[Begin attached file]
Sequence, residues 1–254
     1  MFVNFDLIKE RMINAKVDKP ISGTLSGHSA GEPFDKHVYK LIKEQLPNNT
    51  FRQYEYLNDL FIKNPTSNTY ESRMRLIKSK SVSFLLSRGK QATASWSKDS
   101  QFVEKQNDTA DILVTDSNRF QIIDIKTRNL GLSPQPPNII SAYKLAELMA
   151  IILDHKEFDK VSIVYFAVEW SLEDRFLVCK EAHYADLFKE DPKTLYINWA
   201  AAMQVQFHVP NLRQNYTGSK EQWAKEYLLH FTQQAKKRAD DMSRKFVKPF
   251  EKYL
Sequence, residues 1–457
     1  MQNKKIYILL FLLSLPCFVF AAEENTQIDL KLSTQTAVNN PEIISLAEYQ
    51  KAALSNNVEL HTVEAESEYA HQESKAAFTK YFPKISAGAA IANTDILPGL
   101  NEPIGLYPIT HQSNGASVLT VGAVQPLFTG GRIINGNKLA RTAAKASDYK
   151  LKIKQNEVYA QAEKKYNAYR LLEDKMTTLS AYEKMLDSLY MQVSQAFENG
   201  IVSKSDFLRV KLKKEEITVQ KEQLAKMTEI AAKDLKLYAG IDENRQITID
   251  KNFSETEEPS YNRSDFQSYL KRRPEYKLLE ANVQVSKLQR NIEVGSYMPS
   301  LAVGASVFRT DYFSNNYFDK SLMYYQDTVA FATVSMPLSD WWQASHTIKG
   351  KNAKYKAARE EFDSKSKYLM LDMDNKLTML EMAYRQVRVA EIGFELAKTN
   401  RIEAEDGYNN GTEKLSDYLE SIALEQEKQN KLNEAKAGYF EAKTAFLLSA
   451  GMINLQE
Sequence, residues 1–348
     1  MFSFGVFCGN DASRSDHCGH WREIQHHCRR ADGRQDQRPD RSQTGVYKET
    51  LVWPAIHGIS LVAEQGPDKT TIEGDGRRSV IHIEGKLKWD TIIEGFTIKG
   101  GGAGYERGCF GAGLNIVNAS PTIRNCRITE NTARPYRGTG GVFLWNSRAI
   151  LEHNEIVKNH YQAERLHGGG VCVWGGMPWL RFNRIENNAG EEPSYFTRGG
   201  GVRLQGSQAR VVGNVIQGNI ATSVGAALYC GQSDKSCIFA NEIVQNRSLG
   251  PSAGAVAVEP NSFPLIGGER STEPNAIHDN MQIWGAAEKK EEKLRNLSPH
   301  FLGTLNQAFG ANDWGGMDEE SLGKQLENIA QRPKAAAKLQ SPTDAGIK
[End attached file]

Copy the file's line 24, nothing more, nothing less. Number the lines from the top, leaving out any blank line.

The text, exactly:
   201  GVRLQGSQAR VVGNVIQGNI ATSVGAALYC GQSDKSCIFA NEIVQNRSLG